Norms of Collaboration: Tools for Productive Communication Between Group Members

Published July 18, 2016 | Updated July 21, 2016
Subject: Professional Development
Resource Type: Program Management
Grade Level: Adults/Professionals
Uploaded by:
Kyle Cornforth
Program Affiliations:


Pausing is based on “wait time” research indicating higher-level thinking takes three to five seconds and the time changes quality of thinking. Four kinds of pausing allow this processing. The first is after a question is asked. The second is after someone speaks. A third type is under the control of the speaker. “Give me a moment and I will answer.” The fourth type of pause is a collective pause formally structured by the group. Some pauses are decided by the group and some initiated individually.

Paraphrasing is one of the most valuable and least used communication tools in meetings. A paraphrase can be used effectively with a question. First paraphrase, and then ask a question. Practice this skill and notice what happens to the dynamics of the conversation. Paraphrasing aligns the parties and crease a safe environment for thinking. Levels of paraphrasing may include any of the following: clarify speaker statement; summarize what was said; or shifting what was said to
include an overarching purpose.

Putting Ideas on the Table
Ideas are the heart of group work. In order to be effective, they must be released to the group. “Here is an idea for consideration,” or “I am putting this idea on the table.” It is equally important to know when to remove an idea from the table. Use signal words such as “I think this idea is blocking our thinking and I want to remove it from the table.” When ideas are “owned” by individuals, other group members’ responses tend to reflect their feelings toward the speaker, and may not be specific to the ideas presented.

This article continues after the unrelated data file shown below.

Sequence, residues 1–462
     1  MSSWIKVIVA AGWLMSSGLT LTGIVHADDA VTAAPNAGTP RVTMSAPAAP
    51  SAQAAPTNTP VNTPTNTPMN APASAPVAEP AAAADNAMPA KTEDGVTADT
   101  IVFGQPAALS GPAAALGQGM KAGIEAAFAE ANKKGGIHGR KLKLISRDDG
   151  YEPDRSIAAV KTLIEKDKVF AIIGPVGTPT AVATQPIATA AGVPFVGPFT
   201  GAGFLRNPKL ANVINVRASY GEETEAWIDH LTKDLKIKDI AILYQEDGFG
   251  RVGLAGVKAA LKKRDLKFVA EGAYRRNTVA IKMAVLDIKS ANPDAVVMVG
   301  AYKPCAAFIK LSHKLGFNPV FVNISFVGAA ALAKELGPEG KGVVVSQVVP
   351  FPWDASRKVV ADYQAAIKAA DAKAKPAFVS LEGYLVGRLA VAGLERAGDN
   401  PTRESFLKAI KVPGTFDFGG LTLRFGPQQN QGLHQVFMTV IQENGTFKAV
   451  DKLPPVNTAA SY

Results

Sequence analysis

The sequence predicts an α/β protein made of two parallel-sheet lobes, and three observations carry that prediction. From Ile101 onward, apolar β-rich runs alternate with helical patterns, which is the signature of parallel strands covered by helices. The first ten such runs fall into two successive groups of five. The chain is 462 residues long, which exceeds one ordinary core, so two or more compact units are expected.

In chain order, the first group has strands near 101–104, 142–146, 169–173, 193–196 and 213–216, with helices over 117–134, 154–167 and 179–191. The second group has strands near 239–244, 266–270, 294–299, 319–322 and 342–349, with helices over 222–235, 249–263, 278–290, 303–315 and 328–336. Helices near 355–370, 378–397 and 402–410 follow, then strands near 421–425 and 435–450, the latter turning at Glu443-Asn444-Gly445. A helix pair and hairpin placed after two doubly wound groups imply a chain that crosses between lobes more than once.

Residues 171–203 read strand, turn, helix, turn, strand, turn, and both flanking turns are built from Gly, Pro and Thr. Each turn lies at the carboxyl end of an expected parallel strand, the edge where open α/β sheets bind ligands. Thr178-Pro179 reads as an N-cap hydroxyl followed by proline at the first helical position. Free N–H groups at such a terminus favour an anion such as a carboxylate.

Paying Attention to Self and Others
Meaningful dialogue and discussion is facilitated when each group member is conscious of oneself and others. This consciousness includes being aware of your own and others posture, gesture, and other non-verbals. Paying attention to self and others could include the amount of talking, the amount of silence, or responding to others’ information delivery or language style.

Presuming Positive Intent
Assuming that others’ intentions are positive encourages honest conversations about important matters. Positive presuppositions reduce the possibility of the listener perceiving threats and challenges in a paraphrase or question. Group members can signal this by saying: “Presuming positive intent, I’m thinking that…” Our emotional processors are sensitive to signals for positive intentions, and can engage our higher-level thinking and openness to new ideas as a result.

Probing for Specificity
Human brains are not always designed for specificity. We often form quick generalizations from fragments of information. These quick judgments based on assumptions can cause difficulties in communication. Five areas contributing to overuse of generalizations are vague nouns and pronouns, vague action words and comparators, rule words and universal quantifiers. Probing action asks members to remove the generalization and cite the exact data.

Pursuing a Balance Between Advocacy and Inquiry
Try to spend equal amounts of time and energy advocating for one’s own ideas and inquiring into the ideas of others. Creating a balance of advocacy and inquiry requires both emotional and cognitive resources. This balance is most necessary at the exact point when many group members are least likely to want to inquire into the ideas of others. It is at the moment of greatest disagreement that this norm makes the biggest difference for productive communication.

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